While the majority of the founding members came from Europe and North America, currently the bulk of the WCC membership is in Africa, Asia, the Caribbean, Latin America, the Middle East and the Pacific. The Holy See is not a member of the WCC, but it is an observer, and routinely sends representatives to the organization's meetings.
Francis' homily during the prayer gathering was the first official speech of his daytrip to Geneva. He spoke at the WCC headquarters after holding a private meeting with President of the Swiss Confederation, Alain Berset.
In his address, the pope said Christian divisions have historically arisen because " a worldly mindset has seeped in" at their root.
What happened, he said, is that "self-concern took priority over concern for Christ," and once this took place, devil "had no difficulty in separating us, because the direction we were taking was that of the flesh, not of the Spirit."
Even certain attempts to end these divisions in the past have "failed miserably because they were chiefly inspired by a worldly way of thinking," he said, noting that the ecumenical movement "came about as a grace of the Holy Spirit."
"Ecumenism made us set out in accordance with Christ's will, and it will be able to progress if, following the lead of the Spirit, it constantly refuses to withdraw into itself."
Looking at relations between modern Christian churches and the slew of issues which often stand in the way of full unity, Francis said the current experience is akin to that of the early Christian communities in Galatia.
"How difficult it is to overcome hard feelings and to foster communion! How hard it is to leave behind centuries-old disagreements and mutual recriminations!" he said.
At times, it is "more formidable to withstand the subtle temptation to join others, to walk together, but for the sake of satisfying some partisan interest." However, this is not the mindset of an apostle, but is the attitude of Judas, who walked alongside Jesus, "but for his own purposes."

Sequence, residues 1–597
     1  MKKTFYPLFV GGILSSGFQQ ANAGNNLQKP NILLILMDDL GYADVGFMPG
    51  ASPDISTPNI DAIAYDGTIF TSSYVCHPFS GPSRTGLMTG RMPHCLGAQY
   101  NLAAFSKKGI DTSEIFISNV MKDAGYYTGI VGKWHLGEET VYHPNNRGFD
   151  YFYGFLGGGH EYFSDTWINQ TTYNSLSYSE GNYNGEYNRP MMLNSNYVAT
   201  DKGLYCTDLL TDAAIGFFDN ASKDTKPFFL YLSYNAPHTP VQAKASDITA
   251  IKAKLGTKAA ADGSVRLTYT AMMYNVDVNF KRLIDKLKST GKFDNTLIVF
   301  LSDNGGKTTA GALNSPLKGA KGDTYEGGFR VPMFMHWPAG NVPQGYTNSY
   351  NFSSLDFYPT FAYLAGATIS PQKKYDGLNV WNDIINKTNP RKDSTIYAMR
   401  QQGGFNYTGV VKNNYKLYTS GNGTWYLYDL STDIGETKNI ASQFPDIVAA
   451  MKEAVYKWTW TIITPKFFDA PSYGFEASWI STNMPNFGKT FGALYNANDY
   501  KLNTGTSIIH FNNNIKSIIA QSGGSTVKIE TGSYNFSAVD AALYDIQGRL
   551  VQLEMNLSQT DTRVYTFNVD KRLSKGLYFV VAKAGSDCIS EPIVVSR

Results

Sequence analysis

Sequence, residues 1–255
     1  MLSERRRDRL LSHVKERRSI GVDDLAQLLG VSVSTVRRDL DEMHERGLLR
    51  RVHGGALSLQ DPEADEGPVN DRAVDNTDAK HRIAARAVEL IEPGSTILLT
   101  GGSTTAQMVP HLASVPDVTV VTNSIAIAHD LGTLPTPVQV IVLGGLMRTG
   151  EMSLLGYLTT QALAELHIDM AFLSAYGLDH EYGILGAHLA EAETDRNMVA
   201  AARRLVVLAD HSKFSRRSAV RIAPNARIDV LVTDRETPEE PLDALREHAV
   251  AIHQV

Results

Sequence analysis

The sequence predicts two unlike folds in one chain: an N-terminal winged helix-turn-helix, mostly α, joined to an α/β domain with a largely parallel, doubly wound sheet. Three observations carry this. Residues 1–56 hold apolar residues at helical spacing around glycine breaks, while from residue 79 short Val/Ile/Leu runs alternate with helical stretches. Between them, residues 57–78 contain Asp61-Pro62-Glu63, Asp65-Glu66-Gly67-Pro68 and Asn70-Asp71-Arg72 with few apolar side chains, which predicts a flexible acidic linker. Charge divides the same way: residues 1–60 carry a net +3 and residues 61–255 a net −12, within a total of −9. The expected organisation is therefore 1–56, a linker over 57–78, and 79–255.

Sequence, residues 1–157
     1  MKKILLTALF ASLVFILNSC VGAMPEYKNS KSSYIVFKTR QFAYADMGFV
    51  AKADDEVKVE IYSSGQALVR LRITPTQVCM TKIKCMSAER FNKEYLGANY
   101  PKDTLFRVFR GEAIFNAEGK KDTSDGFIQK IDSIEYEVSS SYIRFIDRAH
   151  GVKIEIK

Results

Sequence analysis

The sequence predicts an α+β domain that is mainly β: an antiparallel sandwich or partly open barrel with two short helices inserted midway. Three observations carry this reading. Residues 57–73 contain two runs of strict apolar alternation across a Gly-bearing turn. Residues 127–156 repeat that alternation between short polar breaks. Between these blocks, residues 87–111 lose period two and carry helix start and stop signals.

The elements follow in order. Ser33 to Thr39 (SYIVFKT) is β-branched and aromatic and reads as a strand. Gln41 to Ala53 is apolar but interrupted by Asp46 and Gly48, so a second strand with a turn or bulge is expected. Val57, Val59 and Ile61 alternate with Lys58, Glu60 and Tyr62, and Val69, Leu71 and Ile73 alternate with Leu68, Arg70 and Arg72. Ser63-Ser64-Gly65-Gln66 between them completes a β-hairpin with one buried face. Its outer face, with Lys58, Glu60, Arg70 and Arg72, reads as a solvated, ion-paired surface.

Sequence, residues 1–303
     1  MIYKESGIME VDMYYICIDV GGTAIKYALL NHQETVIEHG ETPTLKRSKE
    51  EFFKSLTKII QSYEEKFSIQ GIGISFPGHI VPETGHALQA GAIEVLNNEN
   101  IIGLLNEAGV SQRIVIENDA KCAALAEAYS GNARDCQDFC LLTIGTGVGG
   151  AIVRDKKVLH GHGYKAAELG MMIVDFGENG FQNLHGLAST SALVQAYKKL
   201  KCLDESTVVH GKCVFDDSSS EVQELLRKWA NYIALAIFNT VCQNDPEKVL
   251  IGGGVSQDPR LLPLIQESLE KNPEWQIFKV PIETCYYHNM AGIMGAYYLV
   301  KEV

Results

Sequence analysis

The 70th anniversary of the WCC, Pope Francis said, is a call to strengthen the steps toward ecumenism that have already been taken.
He said Christians should not cease their quest for unity when faced with continual differences, and nor should they be overcome by weariness or a "lack of enthusiasm."
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"Our differences must not be excuses. Even now we can walk in the Spirit: we can pray, evangelize and serve together," he said. "This is possible and it is pleasing to God! Walking, praying and working together: this is the great path that we are called to follow."
The aim of this path is unity, and the opposite is a path to division which leads to "conflict and breakup," he said, stressing that the lack of unity among Christians is not only "openly contrary to the will of Christ," but is also "a scandal to the world and harms the most holy of causes: the preaching of the Gospel to every creature."
The Lord, he said, "asks us for unity; our world, torn by all too many divisions that affect the most vulnerable, begs for unity."
And for Christians, to walk together is not merely a "ploy to strengthen our own positions," but is rather an act of obedience to Jesus and his love for the world, Francis said, and closed by praying that God would help Christians to "walk together all the more resolutely in the ways of the Spirit."
"May the Cross guide our steps, because there, in Jesus, the walls of separation have already been torn down and all enmity overcome."